The highlight of my school career was my singing solo as a little lamb, aged 10, in the school nativity show.
Four lines to sing about the Baby Jesus wearing a pair of white woolly tights and a white jumper that didn’t quite come over my bum. And a lamb mask on my head.
My parents must have been so proud.
I never reached the dizzying heights of playing Mary, but I had a couple of years of being an angel with my tinsel halo upon my head.
A rite of passage growing up. The stories about the time you were a shepherd, a king, an angel. Those favoured ones who were Mary and Joseph. The doll in place of the Baby Jesus.
Something which my five year old knows nothing about.
Living in the Middle East where Christmas isn’t celebrated by all, where Islam is practised, my son knows nothing of the Nativity Story.
He can tell you about Islam, about Ramadan and Eid, he knows what the call to prayer sounds like. Ask him about the Christmas story and he will look at you blankly.
The Winter Wonderland Workshop
This week we went into his school for a Winter Workshop that was so cute I couldn’t get over it.
Yet the difference to my childhood was glaring.
“Little snowflake” was the performance over “Away in a Manger”.
We did crafts with jolly snowmen and cotton wool penguins instead of drawing big portly Santa’s with a bellyful of mince pies.
It was lovely, it was magical.
Yet it wasn’t Christmas
Not as I know it, not as my husband experienced.
So with that in mind I set out to teach him all about the Nativity.
The long journey to Bethlehem, I may even have sang a few lines of Little Donkey to reinforce just how long it was. How poor Mary and Joseph couldn’t find a place to stay. I fielded questions of what was an Inn, why was there no room, could they not go to a hotel.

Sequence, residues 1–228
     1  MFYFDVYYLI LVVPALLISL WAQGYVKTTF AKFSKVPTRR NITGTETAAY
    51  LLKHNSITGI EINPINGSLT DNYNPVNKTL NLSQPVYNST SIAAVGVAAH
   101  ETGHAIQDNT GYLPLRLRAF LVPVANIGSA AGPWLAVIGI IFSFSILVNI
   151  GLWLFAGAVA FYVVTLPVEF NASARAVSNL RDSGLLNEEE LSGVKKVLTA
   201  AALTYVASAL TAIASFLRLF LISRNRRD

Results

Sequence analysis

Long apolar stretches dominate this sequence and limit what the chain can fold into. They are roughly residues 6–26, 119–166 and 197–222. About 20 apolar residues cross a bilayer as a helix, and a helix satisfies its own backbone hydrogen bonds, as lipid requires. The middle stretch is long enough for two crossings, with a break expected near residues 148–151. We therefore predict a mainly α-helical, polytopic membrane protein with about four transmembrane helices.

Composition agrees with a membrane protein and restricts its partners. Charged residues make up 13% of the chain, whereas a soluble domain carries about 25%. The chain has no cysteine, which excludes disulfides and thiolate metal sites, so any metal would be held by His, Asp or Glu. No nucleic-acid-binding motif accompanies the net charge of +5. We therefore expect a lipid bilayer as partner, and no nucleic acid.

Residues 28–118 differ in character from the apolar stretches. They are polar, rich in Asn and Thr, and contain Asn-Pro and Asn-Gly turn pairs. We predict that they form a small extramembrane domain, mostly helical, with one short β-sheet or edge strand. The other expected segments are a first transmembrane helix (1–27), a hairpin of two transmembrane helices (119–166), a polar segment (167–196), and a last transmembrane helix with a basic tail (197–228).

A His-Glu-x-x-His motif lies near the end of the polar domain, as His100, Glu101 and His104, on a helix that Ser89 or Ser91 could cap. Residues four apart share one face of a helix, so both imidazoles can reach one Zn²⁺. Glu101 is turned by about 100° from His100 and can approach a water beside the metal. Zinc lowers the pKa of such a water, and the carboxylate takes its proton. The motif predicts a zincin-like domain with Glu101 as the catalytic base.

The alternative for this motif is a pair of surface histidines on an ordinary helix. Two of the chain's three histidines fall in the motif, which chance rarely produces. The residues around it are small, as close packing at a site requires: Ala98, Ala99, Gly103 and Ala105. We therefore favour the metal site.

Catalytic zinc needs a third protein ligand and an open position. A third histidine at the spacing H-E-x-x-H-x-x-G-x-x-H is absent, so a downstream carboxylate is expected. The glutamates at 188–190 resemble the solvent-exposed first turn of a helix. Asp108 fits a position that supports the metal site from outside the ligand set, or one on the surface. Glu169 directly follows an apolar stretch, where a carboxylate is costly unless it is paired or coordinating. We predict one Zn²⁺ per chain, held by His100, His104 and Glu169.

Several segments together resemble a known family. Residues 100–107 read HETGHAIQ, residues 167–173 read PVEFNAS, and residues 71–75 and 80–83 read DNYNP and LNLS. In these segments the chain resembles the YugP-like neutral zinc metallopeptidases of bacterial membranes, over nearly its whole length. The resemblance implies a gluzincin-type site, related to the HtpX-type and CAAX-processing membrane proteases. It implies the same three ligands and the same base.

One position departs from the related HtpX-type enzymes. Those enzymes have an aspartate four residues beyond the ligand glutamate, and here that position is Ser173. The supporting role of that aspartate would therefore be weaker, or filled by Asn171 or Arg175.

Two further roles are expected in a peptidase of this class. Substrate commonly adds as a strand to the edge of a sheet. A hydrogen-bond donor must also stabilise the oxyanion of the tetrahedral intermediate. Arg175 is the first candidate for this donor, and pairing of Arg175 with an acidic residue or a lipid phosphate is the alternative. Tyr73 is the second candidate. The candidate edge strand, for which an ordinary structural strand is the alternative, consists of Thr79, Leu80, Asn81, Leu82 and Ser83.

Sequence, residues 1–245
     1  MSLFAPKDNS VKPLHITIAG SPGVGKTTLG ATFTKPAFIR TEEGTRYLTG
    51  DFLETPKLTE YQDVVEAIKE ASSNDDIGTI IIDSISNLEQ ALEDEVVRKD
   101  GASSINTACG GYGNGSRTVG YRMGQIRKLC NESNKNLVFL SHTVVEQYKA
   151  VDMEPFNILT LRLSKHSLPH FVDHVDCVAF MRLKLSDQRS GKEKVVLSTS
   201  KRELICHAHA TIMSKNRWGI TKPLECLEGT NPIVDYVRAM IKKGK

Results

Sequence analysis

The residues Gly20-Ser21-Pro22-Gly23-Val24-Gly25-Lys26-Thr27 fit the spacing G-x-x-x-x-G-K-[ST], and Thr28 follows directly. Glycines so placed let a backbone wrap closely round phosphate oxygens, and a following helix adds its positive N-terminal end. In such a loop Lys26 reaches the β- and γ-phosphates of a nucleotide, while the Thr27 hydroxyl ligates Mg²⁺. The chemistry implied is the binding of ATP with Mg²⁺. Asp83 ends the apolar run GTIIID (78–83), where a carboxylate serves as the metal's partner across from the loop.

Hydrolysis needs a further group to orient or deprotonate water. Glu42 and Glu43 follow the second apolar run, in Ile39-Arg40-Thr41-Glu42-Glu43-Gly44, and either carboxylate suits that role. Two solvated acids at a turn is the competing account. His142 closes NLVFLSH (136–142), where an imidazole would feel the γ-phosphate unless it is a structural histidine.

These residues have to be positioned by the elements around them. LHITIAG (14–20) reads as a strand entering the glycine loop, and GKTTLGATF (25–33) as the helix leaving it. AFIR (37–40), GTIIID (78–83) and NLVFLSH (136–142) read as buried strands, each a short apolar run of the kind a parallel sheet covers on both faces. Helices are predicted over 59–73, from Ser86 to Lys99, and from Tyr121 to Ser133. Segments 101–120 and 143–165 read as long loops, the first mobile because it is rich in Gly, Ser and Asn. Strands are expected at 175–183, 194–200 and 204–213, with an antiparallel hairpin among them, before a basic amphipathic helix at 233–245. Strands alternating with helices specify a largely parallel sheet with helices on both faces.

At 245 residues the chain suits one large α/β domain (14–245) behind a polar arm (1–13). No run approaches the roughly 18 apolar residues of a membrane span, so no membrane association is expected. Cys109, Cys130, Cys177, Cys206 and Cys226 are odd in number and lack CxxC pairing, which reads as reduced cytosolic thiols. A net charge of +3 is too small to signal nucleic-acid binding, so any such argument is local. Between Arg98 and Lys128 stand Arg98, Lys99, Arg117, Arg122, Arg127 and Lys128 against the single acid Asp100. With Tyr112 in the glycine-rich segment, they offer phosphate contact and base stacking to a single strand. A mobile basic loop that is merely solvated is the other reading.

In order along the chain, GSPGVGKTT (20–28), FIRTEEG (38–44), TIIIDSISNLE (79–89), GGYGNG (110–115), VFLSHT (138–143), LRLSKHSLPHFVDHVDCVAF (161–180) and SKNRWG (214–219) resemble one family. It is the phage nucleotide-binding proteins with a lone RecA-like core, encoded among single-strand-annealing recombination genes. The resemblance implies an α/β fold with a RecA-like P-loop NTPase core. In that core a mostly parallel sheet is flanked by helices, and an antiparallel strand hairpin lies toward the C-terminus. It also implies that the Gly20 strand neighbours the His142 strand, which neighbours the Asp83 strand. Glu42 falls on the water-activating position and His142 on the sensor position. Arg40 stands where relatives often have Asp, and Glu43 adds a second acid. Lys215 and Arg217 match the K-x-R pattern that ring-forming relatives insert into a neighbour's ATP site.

We talked about the brightest star in the sky and how, after the baby was born, the shepherds arriving to visit the Baby Jesus, three Kings visiting bearing gifts of gold, frankincense and myrrh. Again, fielding questions of what were these things, why did a baby need them, where did they come from, why did they all want to see the baby.
And yet, it’s still not quite sunk in for him.
He doesn’t really understand why everyone wants to see a Baby Cheeses or indeed what a Baby Cheeses even is.
His childhood isn’t one of Christmas Nativity plays, of Christmas Carols, Christmas light switch ons. There are no big Christmas displays in the shops. No Christmas Fayres or Santa’s Grottos.
Yet it is still magical. We still do the Christmassy things.
He might not know of the Christmas story, but there’s time for him to learn. The magical displays in the windows may not yet enthral him. The Christmas Carols that so delight me are yet unheard to his ears.
His Christmas is not one that I would recognise from when I was a child.
But the magic is still there.
The wonder, the excitement, the build up.
His advent calendar is excitedly taken down each day, the letter to Santa burnt and sent to the North Pole by magic fire.
Christmas in the Middle East may be different to what I ever experienced, but it’s no less magic.